increase learning and development opportunities (47%), improve line managers’ people skills (46%) and improve the induction process (43%). … Improving benefits also remains less common compared with 2007
I would agree wholeheartedly that access to training and having a good boss are very important, however pay and benefits should never be neglected. I wonder if highly qualified keen people are emerging with unrealistic views of what a recession-hit job base can actually afford to pay them? Or is this just an excuse for bad employers to reap the benefit of good people for a few months, pay them market/below market rate and then let them move on?

You see, this view baffles me. Salaries remain one of the biggest costs for service based companies and people are an investment. If companies accept 1) that a good person costs more to employ than an couple of mediocre people, 2) that good people with all their expertise will leave if they think they are not valued and rewarded, then that company will reap not only the benefits of an excellent workforce and improved service to clients but a resultant increase in profits.

I was nervous of applying my reasons for moving from my first job because it was a long time ago, in a different economy and generalising from individual circumstances is unscientific. However the reasons I moved on as a 'new professional' in 1997, with 18 months valuable work experience are exactly the same as in 2013. My next role (where I stayed another 18 months) gave me an immediate 13% pay rise, a more challenging environment, an 'interesting' arrangement of bosses and provided the next step in my career. Only now with years of experience do I see the value of bright ideas, fresh thinking and the importance of retaining good people. The comment I overheard should perhaps be 'if someone is good [at their job], we don’t expect them to stay for more than 2 years and in that time we should encourage comprehensive knowledge exchange so we all benefit’. Thoughts on this gratefully received!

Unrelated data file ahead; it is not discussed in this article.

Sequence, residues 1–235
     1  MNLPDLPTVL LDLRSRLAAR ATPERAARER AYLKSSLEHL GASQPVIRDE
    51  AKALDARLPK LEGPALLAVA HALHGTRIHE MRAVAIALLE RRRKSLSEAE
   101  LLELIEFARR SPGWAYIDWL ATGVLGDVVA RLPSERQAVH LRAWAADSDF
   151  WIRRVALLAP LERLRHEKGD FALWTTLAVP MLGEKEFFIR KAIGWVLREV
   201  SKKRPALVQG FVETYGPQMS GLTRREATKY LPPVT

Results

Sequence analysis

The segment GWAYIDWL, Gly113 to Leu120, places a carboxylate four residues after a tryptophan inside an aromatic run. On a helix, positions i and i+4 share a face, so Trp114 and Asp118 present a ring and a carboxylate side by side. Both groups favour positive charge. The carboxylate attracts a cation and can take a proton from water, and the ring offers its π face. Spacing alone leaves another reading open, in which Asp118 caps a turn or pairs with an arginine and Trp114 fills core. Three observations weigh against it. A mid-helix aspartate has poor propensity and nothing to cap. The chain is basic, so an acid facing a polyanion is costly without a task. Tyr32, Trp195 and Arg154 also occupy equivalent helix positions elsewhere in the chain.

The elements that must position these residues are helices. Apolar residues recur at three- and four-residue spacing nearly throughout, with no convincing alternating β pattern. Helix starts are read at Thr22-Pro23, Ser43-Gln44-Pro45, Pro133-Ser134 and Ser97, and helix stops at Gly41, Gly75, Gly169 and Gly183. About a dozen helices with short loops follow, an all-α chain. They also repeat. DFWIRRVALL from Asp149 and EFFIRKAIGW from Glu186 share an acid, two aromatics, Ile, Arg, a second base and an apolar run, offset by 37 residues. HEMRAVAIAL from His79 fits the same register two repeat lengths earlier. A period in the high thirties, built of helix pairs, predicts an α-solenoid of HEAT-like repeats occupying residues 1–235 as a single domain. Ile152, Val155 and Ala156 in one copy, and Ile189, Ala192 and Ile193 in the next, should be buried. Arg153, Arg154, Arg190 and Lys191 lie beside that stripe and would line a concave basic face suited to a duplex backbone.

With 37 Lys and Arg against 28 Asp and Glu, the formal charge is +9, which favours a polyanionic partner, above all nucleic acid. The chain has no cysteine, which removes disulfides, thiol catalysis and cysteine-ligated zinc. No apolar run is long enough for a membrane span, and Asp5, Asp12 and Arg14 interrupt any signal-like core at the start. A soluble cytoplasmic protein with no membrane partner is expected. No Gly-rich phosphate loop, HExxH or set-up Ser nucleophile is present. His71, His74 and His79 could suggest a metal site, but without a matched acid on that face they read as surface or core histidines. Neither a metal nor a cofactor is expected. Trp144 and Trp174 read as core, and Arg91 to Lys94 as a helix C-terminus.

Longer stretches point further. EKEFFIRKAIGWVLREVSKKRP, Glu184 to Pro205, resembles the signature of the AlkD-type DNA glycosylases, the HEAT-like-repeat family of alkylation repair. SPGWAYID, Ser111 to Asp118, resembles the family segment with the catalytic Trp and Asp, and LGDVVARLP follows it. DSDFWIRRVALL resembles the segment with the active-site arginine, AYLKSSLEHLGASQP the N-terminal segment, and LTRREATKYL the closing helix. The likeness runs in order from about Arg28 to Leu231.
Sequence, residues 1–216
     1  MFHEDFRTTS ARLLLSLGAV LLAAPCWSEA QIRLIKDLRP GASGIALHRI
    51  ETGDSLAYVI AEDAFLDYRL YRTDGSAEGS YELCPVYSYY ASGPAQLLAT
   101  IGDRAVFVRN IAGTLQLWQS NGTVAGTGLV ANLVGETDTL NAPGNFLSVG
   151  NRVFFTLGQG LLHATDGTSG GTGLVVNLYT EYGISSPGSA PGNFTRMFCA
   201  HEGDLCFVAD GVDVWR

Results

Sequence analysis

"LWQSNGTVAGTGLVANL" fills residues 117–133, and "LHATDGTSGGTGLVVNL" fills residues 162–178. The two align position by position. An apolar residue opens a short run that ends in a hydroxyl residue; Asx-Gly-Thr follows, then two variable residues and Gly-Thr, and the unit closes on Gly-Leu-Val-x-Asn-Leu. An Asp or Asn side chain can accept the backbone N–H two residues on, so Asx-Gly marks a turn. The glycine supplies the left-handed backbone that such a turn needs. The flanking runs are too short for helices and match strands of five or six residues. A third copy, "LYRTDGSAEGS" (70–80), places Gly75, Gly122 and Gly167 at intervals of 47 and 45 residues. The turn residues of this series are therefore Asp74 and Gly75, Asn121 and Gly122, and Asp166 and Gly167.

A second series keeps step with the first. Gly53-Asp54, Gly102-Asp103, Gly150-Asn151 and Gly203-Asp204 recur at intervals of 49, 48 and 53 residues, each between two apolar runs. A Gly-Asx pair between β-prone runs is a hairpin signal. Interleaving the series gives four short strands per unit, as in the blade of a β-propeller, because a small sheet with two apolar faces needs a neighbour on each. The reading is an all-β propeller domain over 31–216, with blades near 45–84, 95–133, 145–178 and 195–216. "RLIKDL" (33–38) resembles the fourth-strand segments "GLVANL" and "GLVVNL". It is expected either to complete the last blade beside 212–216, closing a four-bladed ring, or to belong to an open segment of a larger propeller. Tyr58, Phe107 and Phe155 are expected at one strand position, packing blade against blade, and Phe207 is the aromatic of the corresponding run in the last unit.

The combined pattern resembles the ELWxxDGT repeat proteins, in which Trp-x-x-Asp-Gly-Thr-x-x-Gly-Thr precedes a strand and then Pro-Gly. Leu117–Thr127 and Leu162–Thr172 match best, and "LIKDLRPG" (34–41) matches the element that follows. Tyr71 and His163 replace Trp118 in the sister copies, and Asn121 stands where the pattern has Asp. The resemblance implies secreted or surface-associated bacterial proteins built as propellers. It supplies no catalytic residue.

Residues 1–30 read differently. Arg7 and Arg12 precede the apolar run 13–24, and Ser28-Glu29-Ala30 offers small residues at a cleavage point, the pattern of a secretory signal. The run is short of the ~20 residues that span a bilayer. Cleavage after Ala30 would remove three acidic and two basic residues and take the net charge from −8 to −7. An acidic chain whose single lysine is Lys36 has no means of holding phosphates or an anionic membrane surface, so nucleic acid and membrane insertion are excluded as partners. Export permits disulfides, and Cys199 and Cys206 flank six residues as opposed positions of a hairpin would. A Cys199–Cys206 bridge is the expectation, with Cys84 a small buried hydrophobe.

With thanks to Sam Wiggins @libwig